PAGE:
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Explorations in Information SpaceKnowledge, Actors, and Firms$
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Max H. Boisot, Ian C. MacMillan, and Kyeong Seok Han

Print publication date: 2007

Print ISBN-13: 9780199250875

Published to Oxford Scholarship Online: January 2008

DOI: 10.1093/acprof:oso/9780199250875.001.0001

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PRINTED FROM OXFORD SCHOLARSHIP ONLINE (oxford.universitypressscholarship.com). (c) Copyright Oxford University Press, 2021. All Rights Reserved. An individual user may print out a PDF of a single chapter of a monograph in OSO for personal use. date: 26 October 2021

Codification, Abstraction, and Firm Differences: A Cognitive Information‐based Perspective

Codification, Abstraction, and Firm Differences: A Cognitive Information‐based Perspective

(p.77) 3 Codification, Abstraction, and Firm Differences: A Cognitive Information‐based Perspective
Explorations in Information Space

Max H. Boisot (Contributor Webpage)

Ian C. MacMillan (Contributor Webpage)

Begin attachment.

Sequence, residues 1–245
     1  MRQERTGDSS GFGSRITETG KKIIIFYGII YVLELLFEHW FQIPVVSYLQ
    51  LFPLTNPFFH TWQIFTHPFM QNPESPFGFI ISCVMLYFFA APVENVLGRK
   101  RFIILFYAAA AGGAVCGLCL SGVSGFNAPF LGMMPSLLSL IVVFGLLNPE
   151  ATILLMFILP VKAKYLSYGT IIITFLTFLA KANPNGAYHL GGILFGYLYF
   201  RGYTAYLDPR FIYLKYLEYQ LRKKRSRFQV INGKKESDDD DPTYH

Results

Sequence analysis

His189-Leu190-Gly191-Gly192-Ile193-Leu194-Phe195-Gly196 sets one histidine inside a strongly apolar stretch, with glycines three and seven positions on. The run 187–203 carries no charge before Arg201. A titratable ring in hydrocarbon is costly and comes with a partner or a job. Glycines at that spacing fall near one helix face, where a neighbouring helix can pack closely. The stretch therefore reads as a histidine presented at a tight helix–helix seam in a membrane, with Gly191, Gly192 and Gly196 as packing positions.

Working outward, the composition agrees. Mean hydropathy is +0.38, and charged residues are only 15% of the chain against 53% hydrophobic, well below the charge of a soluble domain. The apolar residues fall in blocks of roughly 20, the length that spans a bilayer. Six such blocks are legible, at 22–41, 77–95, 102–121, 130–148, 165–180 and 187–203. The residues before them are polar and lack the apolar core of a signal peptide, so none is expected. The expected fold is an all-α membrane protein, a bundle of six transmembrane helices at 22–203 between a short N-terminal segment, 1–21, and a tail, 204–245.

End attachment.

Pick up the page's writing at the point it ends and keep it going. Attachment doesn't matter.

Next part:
Kyeong Seok Han

Oxford University Press

The resource-based view shares with population ecology, organizational systematics, organizational cladistics, and institutional theory a concern with why firms differ and with what keeps them different. These two questions only have meaning if — as has been the case in the neoclassical theory of the firm — similarities between firms are taken as the default assumption. This chapter distinguishes between ontological heterogeneity — differences in the world — and epistemic heterogeneity — differences in the way that the world is construed. Focusing on the latter, it puts forward an argument for taking epistemic heterogeneity between firms as the default assumption. It starts with a general analysis of how living systems make sense of the world. It then goes on to identify the cognitive activities of codification and abstraction as key sources of epistemic heterogeneity. The findings are applied to those systems called firms where a dominant logic allows epistemic heterogeneity to persist. In some case, this leads to competitive advantage, in others to a debilitating inertia. The implications for a knowledge-based theory of the firm are briefly explored.

Keywords:   neoclassical theory, firm heterogeneity, resource-based view, information asymmetry, knowledge-based theory

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